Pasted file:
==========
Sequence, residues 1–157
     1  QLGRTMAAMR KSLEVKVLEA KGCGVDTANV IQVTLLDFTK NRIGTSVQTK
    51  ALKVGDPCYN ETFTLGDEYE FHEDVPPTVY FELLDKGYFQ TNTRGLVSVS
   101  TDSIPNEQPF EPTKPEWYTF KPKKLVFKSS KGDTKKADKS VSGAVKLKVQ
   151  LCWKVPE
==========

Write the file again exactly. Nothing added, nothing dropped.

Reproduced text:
Sequence, residues 1–157
     1  QLGRTMAAMR KSLEVKVLEA KGCGVDTANV IQVTLLDFTK NRIGTSVQTK
    51  ALKVGDPCYN ETFTLGDEYE FHEDVPPTVY FELLDKGYFQ TNTRGLVSVS
   101  TDSIPNEQPF EPTKPEWYTF KPKKLVFKSS KGDTKKADKS VSGAVKLKVQ
   151  LCWKVPE